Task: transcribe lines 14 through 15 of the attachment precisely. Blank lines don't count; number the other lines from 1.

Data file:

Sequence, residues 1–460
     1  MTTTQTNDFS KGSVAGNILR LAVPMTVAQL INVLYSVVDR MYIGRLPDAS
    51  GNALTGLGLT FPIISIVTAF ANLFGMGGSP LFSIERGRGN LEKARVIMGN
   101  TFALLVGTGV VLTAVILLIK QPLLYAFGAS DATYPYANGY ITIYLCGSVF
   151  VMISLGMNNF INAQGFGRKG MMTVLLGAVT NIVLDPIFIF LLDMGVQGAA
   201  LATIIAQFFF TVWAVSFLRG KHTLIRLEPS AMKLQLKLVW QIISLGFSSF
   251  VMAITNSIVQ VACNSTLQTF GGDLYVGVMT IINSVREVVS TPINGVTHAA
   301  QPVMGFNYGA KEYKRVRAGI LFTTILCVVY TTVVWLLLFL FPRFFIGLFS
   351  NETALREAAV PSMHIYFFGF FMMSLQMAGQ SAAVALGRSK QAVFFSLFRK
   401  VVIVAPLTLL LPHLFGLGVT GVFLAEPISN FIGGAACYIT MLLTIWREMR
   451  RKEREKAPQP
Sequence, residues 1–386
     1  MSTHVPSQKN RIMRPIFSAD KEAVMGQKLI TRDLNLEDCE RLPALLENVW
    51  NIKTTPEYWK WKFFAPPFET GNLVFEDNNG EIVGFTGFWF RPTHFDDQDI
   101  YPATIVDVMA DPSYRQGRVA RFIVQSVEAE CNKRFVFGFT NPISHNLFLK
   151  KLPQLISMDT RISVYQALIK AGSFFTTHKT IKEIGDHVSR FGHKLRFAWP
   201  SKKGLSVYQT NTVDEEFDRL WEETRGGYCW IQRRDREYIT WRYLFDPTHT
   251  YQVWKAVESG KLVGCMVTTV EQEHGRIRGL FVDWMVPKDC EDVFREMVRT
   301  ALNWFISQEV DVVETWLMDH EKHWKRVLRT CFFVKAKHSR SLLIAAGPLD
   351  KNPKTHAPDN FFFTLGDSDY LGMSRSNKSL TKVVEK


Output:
    51  NIKTTPEYWK WKFFAPPFET GNLVFEDNNG EIVGFTGFWF RPTHFDDQDI
   101  YPATIVDVMA DPSYRQGRVA RFIVQSVEAE CNKRFVFGFT NPISHNLFLK